Donation of Constantine

The “Donation of Constantine” is a document which claims the bestowal of vast territory and spiritual and temporal power on Pope Sylvester I (reigned 314–335) and his successors, by the Roman emperor Constantine. The Donation of Constantine was a document of great importance in the Middle Ages. The document is also known simply as the Donation. It has two parts. The first part is a testimony of Constantine and the second is a description of the land and other powers the Emperor gifted to the pope.

The testimony of Constantine narrates a different story of his conversion to Christianity than the historical records. According to this story, Constantine was converted to Christianity because he was miraculously healed of leprosy, while Sylvester baptized him. Constantine then understood the importance of Rome to the Church because it is the city of the apostles Peter and Paul. So Constantine relocated his capital from Rome to Byzantium. And he granted pope Sylvester and therefore the Roman Church, dominion over all Italy, Jerusalem, Constantinople, Alexandria and Antioch. The Emperor also gave the control of the imperial palace in Rome and all the regions of the Western Empire. The Emperor bestowed the papacy supreme control over all clergy and great deal of political power. The pope will have the right to appoint secular rulers in the West. But, the document says that, Sylvester humbly refused to accept the Imperial Crown. So the king gave him a white crown.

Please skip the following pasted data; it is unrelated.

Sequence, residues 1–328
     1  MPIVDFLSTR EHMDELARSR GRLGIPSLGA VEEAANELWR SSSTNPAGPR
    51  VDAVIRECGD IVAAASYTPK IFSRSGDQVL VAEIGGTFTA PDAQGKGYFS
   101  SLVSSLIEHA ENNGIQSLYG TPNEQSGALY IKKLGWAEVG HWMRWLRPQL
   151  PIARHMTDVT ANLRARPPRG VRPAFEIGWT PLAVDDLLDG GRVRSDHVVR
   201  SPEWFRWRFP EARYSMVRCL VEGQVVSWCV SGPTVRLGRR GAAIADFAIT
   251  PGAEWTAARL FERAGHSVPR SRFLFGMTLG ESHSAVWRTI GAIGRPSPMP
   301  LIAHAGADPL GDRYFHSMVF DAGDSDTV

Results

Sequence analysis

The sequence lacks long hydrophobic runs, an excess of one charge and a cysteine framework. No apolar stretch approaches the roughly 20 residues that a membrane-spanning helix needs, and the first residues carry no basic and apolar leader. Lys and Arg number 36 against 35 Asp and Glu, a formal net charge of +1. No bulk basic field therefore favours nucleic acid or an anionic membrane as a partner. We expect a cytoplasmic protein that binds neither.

It had only limited impact at the time of its compilation. It was not mentioned in 9 or 10 centuries, even during the controversies with the Byzantine Empire (Eastern Empire) over matters of papal primacy. But it exercised great influence on political and religious affairs in the medieval Europe. This document was used by the Roman Church to claim supreme authority over all churches and even earthly powers.